There will no doubt be 7nm Zen2 APUs before then. Hopefully they'll make a proper high-end MCM version with a small Navi chiplet, but they'll have to make that Navi die first. I'm hoping for that in early-to-mid 2020. The main hindrance for this might be mobile - MCM packages are thick and ill suited for thin-and-light laptops, meaning that they might need to continue the current dual silicon solution, with a monolithic APU die for the low end/ultrathin segment and MCM reserved for higher end SKUs and thicker laptops. Hopefully "small Navi" is designed so that it'll fit on a Matisse substrate so that we can get the long dreamt-of powerhouse APUs.
    Reply
  • psychobriggsy - Tuesday, June 11, 2019 - link

    Yeah, a minor bump, on paper the GPU is now touching 2 TFLOPS in the 3400G but the memory bandwidth is likely a limit here.

    The 95W cooler in box, and implied overclocking friendliness is interesting however.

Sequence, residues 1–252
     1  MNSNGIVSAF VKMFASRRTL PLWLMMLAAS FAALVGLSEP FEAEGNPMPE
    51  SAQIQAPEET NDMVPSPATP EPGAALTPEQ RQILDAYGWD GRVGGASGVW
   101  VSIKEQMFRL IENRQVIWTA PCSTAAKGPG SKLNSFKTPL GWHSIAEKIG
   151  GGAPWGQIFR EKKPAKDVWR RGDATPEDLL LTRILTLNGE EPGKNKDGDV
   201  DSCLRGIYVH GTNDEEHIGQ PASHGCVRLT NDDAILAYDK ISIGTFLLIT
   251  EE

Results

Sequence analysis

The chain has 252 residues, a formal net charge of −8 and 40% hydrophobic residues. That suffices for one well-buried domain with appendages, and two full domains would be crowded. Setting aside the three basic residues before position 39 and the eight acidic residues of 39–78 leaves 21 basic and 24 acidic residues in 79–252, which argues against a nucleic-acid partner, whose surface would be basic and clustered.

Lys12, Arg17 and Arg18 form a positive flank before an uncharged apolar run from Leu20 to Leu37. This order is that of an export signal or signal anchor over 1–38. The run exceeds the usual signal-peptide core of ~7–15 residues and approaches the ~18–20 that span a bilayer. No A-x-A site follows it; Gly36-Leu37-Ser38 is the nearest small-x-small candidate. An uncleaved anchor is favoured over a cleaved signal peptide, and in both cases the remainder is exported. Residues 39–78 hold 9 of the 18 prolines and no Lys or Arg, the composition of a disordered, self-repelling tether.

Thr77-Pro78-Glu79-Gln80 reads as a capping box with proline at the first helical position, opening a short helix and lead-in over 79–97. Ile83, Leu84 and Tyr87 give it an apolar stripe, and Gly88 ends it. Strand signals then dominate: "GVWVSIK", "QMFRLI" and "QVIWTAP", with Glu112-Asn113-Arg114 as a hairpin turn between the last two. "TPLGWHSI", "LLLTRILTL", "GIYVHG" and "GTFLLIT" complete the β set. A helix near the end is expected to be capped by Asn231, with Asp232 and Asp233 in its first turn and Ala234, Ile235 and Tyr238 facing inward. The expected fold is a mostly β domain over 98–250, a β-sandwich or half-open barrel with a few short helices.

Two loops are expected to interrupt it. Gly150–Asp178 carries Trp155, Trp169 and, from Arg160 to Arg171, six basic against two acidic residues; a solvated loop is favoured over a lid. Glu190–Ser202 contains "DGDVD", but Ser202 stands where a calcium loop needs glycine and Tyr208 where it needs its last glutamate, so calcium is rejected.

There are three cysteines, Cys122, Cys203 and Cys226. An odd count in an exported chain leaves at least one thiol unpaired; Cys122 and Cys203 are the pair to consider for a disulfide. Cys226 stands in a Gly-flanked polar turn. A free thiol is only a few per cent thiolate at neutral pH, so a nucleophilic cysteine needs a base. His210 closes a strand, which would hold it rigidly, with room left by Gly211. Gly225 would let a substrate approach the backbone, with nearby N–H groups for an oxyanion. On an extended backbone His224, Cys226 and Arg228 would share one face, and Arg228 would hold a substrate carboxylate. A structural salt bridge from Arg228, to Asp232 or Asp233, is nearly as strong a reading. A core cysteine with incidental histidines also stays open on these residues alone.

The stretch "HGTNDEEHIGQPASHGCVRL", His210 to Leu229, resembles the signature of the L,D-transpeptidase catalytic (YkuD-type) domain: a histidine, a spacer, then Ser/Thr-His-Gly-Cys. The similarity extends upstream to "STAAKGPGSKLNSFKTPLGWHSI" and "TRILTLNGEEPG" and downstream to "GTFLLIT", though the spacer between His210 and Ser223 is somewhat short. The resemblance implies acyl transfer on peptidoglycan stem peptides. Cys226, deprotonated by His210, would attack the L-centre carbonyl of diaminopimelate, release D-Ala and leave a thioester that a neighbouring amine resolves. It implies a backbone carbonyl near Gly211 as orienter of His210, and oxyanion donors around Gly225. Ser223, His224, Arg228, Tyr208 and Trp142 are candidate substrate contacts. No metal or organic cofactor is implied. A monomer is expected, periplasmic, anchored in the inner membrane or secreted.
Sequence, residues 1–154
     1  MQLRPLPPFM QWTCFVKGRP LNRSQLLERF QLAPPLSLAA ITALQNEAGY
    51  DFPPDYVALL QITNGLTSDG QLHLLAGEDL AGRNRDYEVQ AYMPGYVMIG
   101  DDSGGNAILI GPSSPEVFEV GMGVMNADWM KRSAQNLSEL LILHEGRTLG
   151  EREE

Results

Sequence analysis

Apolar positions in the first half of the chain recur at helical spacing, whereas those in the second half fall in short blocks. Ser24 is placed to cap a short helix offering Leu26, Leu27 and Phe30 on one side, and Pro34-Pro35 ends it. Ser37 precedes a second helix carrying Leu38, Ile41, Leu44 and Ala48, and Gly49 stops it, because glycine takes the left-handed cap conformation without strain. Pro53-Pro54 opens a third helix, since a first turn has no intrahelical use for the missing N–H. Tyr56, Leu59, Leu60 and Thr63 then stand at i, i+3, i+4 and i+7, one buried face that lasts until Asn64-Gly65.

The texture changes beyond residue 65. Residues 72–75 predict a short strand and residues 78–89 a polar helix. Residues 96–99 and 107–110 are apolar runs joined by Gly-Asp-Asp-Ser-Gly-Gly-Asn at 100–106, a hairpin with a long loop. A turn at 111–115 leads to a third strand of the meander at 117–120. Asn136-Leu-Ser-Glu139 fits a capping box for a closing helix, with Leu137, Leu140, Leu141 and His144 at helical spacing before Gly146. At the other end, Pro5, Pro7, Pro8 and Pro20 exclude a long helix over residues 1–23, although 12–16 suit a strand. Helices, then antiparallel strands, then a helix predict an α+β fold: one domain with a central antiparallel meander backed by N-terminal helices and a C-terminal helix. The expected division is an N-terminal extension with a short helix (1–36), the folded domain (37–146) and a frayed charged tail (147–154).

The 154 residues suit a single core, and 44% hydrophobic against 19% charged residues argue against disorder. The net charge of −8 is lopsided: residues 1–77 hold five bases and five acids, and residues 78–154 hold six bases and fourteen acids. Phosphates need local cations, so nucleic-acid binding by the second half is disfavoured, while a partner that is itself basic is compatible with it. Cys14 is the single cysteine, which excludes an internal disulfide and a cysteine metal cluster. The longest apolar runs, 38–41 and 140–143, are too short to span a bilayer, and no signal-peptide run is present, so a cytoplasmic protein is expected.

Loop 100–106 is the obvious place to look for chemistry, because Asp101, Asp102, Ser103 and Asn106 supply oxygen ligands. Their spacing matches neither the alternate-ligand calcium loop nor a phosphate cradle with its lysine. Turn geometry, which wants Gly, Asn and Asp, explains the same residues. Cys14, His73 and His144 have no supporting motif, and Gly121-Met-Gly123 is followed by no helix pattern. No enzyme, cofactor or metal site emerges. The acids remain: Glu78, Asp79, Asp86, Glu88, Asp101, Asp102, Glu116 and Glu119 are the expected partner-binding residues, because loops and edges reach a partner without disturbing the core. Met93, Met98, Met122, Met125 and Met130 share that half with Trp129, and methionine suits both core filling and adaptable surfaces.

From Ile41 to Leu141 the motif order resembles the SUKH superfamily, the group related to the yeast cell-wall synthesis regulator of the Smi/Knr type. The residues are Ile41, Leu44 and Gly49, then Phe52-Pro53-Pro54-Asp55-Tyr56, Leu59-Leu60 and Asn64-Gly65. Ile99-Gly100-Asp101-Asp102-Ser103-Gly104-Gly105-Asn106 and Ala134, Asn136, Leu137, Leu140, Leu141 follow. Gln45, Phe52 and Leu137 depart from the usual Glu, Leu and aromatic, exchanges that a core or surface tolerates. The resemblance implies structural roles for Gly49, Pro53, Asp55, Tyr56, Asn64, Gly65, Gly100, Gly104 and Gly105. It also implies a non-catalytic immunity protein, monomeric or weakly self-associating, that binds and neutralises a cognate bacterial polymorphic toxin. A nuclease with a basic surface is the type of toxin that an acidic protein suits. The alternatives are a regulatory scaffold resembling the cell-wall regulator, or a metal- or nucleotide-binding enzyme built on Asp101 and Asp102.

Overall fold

Reply
  • xrror - Tuesday, June 11, 2019 - link

    Protected 4K to me as a consumer? DRM

    Whoever is first to delivering 4K @ $400 will be a PC video card winner.

    Mind you, VR headsets really need like 8K rendering specs to be "no questions asked, it just f*cking works" like say a "VR appliance."

    Hey AMD.

    Your mission - no matter what it takes. Make an APU that sacrifices everything for 8K/VR rendering.

    Even if you have to strip the CPU part down to a triple core, beef the living (tar) outta the GFX part to give us an "unbalanced" APU.

    It's not going to happen this or even next product cycle, but give us a 4500 or 5000 series APU with enough graphics grunt to laugh off 8K rendering (and in turn, 2K 'per eye' on ANY VR headset) and enough IPC improvement that we don't care you only have 4 cpu cores @ 200% IPC from 4 years ago despite the rest of the die being a bad ass mofo GPU block.